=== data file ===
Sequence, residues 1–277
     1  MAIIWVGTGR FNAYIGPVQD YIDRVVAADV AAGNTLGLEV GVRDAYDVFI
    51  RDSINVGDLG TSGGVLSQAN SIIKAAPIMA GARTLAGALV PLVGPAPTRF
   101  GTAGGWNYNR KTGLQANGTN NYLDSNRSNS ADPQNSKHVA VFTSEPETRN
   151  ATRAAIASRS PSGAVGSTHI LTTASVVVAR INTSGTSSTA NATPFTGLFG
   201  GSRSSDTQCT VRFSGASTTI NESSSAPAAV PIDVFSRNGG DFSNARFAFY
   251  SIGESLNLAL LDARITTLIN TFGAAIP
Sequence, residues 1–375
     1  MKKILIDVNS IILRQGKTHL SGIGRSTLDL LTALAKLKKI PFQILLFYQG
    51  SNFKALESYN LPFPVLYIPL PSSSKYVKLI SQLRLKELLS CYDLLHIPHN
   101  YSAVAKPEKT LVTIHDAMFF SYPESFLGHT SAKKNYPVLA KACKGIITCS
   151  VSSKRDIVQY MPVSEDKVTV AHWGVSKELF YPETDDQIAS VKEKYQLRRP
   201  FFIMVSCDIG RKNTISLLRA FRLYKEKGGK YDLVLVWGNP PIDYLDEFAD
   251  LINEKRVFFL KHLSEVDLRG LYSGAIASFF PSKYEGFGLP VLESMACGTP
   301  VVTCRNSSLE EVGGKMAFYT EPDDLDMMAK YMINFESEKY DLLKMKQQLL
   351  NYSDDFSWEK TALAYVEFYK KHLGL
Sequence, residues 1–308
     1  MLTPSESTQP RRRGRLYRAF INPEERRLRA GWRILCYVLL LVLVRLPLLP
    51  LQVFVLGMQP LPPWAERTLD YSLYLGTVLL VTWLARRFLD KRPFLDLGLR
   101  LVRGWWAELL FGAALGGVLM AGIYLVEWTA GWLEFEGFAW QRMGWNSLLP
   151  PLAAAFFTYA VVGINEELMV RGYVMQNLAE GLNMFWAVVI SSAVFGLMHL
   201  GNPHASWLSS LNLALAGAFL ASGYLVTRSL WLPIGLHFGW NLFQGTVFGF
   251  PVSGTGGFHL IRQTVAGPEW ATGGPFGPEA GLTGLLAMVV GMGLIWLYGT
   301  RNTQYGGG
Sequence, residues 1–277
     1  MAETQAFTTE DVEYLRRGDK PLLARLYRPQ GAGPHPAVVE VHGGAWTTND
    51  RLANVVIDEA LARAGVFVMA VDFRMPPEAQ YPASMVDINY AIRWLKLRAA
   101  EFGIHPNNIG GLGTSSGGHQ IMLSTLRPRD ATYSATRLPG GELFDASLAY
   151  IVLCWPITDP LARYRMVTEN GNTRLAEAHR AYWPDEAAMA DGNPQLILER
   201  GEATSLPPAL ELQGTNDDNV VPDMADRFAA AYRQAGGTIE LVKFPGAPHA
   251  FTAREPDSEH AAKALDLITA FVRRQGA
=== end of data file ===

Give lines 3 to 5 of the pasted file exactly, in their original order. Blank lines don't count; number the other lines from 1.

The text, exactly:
    51  RDSINVGDLG TSGGVLSQAN SIIKAAPIMA GARTLAGALV PLVGPAPTRF
   101  GTAGGWNYNR KTGLQANGTN NYLDSNRSNS ADPQNSKHVA VFTSEPETRN
   151  ATRAAIASRS PSGAVGSTHI LTTASVVVAR INTSGTSSTA NATPFTGLFG